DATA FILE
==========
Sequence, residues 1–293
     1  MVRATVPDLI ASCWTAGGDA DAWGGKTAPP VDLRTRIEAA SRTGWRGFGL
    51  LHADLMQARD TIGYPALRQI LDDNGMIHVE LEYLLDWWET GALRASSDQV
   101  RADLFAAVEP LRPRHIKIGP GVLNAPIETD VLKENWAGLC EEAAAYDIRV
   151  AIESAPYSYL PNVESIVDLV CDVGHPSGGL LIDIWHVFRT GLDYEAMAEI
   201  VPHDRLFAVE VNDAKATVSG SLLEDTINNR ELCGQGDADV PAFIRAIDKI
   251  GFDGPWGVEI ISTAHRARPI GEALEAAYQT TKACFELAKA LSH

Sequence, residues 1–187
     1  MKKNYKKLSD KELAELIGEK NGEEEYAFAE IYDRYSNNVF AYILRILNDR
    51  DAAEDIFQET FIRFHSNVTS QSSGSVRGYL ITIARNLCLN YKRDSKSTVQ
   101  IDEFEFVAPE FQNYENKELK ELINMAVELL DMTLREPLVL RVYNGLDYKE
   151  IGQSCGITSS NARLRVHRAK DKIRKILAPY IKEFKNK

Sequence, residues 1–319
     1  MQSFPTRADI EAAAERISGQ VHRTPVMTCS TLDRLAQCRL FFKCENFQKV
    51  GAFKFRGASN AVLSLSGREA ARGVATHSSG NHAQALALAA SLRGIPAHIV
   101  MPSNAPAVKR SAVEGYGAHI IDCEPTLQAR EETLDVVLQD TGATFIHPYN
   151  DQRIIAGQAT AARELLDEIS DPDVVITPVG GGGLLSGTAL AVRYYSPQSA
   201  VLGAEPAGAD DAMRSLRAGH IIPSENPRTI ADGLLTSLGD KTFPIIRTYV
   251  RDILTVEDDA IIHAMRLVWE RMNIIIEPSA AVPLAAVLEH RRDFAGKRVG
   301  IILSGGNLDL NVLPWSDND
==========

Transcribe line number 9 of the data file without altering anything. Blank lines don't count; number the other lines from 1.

     1  MKKNYKKLSD KELAELIGEK NGEEEYAFAE IYDRYSNNVF AYILRILNDR